Many creative ideas are being proposed for image sensor designs, and these may be useful in applications ranging from consumer photography to computer vision. To understand and evaluate each new design, we must create a corresponding image-processing pipeline that transforms the sensor data into a form that is appropriate for the application. The need to design and optimize these pipelines is time-consuming and costly. I explain a method that combines machine learning and image systems simulation that automates the pipeline design. The approach is based on a new way of thinking of the image-processing pipeline as a large collection of local linear filters. Finally, I illustrate how the method has been used to design pipelines for consumer photography and mobile imaging.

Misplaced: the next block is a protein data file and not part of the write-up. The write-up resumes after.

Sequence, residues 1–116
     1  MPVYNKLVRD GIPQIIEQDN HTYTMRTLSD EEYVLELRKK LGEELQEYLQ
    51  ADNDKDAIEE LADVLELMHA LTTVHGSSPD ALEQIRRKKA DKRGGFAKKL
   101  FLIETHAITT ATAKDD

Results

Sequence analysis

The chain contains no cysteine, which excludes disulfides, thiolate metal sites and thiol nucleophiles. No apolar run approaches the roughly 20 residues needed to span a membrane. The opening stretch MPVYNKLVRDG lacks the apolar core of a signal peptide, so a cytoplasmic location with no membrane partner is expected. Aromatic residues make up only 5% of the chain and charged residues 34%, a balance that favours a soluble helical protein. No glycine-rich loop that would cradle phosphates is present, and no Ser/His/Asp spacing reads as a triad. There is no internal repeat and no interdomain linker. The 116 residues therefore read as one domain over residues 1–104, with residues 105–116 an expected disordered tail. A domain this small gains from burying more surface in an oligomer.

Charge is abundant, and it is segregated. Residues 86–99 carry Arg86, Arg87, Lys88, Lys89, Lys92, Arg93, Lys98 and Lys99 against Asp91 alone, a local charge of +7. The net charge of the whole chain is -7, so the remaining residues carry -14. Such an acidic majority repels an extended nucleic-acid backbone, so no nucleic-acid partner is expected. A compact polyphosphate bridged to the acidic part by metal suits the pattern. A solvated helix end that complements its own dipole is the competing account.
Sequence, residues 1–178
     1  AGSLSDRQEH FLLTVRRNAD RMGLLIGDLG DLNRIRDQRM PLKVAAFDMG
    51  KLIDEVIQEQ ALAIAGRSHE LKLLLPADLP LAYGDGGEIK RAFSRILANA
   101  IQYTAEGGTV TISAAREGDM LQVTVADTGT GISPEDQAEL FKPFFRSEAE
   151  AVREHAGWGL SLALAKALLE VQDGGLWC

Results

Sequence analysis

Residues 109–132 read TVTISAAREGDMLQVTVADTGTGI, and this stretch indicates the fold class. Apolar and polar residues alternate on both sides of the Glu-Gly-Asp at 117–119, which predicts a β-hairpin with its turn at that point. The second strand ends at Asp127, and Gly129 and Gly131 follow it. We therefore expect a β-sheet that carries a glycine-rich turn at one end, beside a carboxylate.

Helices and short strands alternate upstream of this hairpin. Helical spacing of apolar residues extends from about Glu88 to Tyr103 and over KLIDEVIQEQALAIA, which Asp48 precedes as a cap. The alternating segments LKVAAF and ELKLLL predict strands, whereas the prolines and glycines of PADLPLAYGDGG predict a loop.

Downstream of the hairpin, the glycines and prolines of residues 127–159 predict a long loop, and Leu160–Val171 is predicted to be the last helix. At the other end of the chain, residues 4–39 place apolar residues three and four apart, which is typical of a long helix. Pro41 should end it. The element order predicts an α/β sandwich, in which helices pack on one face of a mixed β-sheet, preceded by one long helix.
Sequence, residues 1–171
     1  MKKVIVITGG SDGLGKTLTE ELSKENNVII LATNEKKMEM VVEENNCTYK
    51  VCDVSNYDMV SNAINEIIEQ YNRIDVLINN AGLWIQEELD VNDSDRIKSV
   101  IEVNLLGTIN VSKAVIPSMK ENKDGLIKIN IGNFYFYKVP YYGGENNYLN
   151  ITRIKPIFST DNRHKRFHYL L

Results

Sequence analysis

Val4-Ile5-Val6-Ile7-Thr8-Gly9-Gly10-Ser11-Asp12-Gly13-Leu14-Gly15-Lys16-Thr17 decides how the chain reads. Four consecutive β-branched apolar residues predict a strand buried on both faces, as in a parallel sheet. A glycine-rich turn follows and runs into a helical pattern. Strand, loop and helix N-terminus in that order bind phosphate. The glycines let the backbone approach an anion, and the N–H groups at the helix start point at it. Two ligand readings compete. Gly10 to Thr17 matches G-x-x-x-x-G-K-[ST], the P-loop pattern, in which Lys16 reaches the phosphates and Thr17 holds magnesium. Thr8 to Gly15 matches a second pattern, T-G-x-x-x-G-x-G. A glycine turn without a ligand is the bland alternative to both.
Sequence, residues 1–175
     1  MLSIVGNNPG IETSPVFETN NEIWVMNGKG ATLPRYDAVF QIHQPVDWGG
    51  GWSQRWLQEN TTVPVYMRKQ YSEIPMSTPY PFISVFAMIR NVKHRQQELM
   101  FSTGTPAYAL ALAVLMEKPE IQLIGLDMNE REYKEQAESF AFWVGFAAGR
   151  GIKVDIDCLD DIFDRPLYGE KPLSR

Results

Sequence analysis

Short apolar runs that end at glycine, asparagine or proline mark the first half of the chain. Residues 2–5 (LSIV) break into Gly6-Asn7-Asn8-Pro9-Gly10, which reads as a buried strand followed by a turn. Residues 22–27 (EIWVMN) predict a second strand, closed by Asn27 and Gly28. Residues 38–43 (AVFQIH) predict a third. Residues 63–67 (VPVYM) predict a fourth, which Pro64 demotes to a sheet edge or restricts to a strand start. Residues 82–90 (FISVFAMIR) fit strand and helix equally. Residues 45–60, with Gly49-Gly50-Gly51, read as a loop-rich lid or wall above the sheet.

Brian A. Wandell is the first Isaac and Madeline Stein Family Professor. He joined the Stanford Psychology faculty in 1979 and is a member, by courtesy, of Electrical Engineering and Ophthalmology. Wandell is the founding director of Stanford's Center for Cognitive and Neurobiological Imaging, and a Deputy Director of the Stanford Neuroscience Institute. He is the author of the vision science textbook Foundations of Vision. His research centers on vision science, spanning topics from visual disorders, reading development in children, to digital imaging devices and algorithms for both magnetic resonance imaging and digital imaging. In 1996, together with Prof. J. Goodman, Wandell founded Stanford's Center for Image Systems Engineering.